Dominant ionic mechanisms explored in spiking and bursting using local low-dimensional reductions of a biophysically realistic model neuron

  • Robert Clewley
  • Cristina Soto-Treviño
  • Farzan Nadim
Article

Abstract

The large number of variables involved in many biophysical models can conceal potentially simple dynamical mechanisms governing the properties of its solutions and the transitions between them as parameters are varied. To address this issue, we extend a novel model reduction method, based on “scales of dominance,” to multi-compartment models. We use this method to systematically reduce the dimension of a two-compartment conductance-based model of a crustacean pyloric dilator (PD) neuron that exhibits distinct modes of oscillation—tonic spiking, intermediate bursting and strong bursting. We divide trajectories into intervals dominated by a smaller number of variables, resulting in a locally reduced hybrid model whose dimension varies between two and six in different temporal regimes. The reduced model exhibits the same modes of oscillation as the 16 dimensional model over a comparable parameter range, and requires fewer ad hoc simplifications than a more traditional reduction to a single, globally valid model. The hybrid model highlights low-dimensional organizing structure in the dynamics of the PD neuron, and the dependence of its oscillations on parameters such as the maximal conductances of calcium currents. Our technique could be used to build hybrid low-dimensional models from any large multi-compartment conductance-based model in order to analyze the interactions between different modes of activity.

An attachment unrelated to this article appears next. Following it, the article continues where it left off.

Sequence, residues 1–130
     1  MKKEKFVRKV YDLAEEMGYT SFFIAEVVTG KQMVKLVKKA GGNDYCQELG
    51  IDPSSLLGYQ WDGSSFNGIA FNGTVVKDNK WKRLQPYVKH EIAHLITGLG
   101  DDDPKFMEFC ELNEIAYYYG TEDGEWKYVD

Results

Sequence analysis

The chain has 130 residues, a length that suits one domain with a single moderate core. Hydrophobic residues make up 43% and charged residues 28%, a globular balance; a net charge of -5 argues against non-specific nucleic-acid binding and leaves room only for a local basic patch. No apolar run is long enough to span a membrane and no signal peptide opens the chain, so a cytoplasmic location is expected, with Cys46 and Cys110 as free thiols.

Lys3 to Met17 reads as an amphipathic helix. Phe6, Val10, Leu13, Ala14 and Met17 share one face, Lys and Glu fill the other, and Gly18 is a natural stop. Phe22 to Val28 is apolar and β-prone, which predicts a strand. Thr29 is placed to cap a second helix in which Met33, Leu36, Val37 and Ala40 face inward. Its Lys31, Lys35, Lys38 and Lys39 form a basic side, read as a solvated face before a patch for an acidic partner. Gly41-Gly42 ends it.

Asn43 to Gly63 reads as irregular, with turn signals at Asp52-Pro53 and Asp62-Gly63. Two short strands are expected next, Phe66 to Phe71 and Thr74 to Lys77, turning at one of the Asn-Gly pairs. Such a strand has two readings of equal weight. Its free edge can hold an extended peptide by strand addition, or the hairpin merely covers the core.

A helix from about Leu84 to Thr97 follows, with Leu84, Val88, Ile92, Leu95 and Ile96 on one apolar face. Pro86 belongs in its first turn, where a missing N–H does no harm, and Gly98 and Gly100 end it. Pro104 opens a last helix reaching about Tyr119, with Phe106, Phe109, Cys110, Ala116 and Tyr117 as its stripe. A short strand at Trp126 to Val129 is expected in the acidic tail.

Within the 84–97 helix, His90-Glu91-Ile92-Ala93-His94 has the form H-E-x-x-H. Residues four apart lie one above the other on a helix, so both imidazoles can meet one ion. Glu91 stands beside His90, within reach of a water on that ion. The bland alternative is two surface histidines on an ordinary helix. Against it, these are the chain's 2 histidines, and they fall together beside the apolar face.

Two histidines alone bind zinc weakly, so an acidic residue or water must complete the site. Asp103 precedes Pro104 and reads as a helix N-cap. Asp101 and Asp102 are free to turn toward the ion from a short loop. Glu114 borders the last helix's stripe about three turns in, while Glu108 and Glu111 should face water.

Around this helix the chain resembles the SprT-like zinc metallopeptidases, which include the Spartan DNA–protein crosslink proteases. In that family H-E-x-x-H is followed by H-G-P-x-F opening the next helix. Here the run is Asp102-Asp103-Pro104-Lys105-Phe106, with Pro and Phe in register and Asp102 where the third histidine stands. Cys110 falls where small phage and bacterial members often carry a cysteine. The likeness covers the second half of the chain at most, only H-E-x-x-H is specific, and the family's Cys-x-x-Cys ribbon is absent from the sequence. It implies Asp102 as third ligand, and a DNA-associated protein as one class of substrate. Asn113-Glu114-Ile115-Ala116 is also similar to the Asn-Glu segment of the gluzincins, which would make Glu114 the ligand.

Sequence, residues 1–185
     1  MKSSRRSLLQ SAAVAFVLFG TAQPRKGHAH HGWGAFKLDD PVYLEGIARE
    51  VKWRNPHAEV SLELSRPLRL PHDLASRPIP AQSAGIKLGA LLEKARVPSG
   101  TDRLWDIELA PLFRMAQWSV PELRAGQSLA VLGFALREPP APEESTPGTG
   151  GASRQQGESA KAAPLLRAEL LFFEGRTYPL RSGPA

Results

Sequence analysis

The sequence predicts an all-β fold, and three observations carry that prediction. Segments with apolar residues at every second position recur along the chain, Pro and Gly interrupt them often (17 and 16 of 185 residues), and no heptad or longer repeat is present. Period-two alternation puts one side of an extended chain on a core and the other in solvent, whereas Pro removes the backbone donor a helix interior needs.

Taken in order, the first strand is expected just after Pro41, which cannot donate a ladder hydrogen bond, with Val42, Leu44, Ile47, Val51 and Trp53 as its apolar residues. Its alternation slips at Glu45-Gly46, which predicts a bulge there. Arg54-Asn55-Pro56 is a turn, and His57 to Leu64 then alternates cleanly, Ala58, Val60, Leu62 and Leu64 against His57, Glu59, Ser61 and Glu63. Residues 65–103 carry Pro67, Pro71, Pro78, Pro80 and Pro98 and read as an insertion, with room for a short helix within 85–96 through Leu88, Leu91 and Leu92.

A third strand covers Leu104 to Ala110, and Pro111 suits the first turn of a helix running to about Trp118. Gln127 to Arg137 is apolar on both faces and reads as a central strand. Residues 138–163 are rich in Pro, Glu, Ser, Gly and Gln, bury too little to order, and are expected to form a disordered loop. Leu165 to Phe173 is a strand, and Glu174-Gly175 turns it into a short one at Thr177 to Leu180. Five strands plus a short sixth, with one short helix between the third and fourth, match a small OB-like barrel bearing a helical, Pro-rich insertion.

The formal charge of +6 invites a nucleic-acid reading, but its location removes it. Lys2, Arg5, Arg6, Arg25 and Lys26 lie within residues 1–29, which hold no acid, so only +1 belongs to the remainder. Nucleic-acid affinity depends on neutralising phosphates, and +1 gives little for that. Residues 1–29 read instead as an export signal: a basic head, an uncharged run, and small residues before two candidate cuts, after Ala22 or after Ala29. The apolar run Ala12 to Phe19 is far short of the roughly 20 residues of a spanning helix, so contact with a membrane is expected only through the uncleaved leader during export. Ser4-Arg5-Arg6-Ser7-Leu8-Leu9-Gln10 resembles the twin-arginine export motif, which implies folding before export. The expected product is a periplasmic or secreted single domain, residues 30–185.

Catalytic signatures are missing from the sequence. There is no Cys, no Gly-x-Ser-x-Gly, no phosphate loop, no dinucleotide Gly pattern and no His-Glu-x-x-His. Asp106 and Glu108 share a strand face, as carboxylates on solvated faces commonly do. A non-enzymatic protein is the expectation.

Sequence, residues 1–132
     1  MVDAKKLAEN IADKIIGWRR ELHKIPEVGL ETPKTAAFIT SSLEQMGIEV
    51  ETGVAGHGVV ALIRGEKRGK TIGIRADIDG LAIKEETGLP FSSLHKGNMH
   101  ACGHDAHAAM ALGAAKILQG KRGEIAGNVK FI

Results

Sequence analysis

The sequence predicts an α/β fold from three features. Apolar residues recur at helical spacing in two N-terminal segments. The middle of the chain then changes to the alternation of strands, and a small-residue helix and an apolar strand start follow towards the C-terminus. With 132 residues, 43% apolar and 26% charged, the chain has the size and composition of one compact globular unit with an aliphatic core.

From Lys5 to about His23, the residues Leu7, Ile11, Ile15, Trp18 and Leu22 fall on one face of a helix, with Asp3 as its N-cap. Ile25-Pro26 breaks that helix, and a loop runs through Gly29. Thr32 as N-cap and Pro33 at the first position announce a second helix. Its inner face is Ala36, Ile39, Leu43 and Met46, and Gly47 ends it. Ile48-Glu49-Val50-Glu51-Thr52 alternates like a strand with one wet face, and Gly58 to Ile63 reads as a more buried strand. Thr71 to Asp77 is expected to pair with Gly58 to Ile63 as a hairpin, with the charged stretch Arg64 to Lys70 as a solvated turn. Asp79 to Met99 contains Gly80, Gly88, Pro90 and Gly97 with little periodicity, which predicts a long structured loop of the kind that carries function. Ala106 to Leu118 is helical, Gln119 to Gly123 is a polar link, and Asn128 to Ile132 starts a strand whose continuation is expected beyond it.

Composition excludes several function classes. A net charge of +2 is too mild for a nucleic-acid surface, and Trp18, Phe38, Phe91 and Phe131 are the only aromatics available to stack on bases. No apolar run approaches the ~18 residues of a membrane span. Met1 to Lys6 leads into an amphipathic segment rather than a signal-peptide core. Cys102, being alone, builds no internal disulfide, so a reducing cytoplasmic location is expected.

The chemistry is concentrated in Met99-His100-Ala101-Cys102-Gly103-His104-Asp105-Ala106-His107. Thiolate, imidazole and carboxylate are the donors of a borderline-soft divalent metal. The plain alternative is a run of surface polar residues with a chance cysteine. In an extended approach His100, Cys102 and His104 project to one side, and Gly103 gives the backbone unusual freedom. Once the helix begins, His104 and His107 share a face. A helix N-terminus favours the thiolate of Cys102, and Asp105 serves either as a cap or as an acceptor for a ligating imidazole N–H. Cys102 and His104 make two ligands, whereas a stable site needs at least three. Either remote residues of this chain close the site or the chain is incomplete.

Keywords

Model reduction Compartmental modeling Oscillations Stomatogastric Hybrid dynamical system 

References

  1. Bose, A., & Booth, V. (2005). Bursting in two-compartment neurons: a case study of the Pinsky–Rinzel model. In Bursting: The genesis of rhythm in the nervous system (pp. 123–144). Singapore: World Scientific.Google Scholar
  2. Bucher, D., Thirumalai, V., & Marder, E. (2003). Axonal dopamine receptors activate peripheral spike initiation in a stomatogastric motor neuron. Journal of Neuroscience, 23, 6866–6875.PubMedGoogle Scholar
  3. Butera, R. J., Clark, J. W., Byrne, J. H., & Rinzel, J. (1996). Dissection and reduction of a modeled bursting neuron. Journal of Computational Neuroscience, 3, 199–223.PubMedCrossRefGoogle Scholar
  4. Chow, C. C., & Kopell, N. (2000). Dynamics of spiking neurons with electrical coupling. Neural Computation, 12, 1643–1678.PubMedCrossRefGoogle Scholar
  5. Clewley, R., Rotstein, H. G., & Kopell, N. (2005). A computational tool for the reduction of nonlinear ODE systems possessing multiple scales. Multiscale Modeling and Simulation, 4, 732–759.CrossRefGoogle Scholar
  6. de Vries, G., & Sherman, A. (2001). From spikers to bursters via coupling: help from heterogeneity. Bulletin of Mathematical Biology, 63, 371–391.PubMedCrossRefGoogle Scholar
  7. Fitzhugh, R. (1961). Impulses and physiological states in theoretical models of nerve membrane. Biophysics Journal, 1, 445–466.CrossRefGoogle Scholar
  8. Golomb, D., Guckenheimer, J., & Gueron, S. (1993). Reduction of a channel-based model for a stomatogastric ganglion LP neuron. Biological Cybernetics, 69, 129–137.CrossRefGoogle Scholar
  9. Guckenheimer, J., & Holmes, P. (1983). Nonlinear oscillations, dynamical systems and bifurcations of vector fields. New York: Springer-Verlag.Google Scholar
  10. Guckenheimer, J., Tien, J. H., & Willms, A. R. (2005). Bifurcations in the fast dynamics of neurons: implications for bursting. In S. Coombes, & P. Bressloff (Eds.), Bursting: The Genesis of Rhythm in the Nervous System. Singapore: World Scientific.Google Scholar
  11. Hines, M. L., Morse, T., Migliore, M., Carnevale, N. T., & Shepherd, G. M. (2004). ModelDB: a database to support computational neuroscience. Journal of Computational Neuroscience, 17, 7–11.PubMedCrossRefGoogle Scholar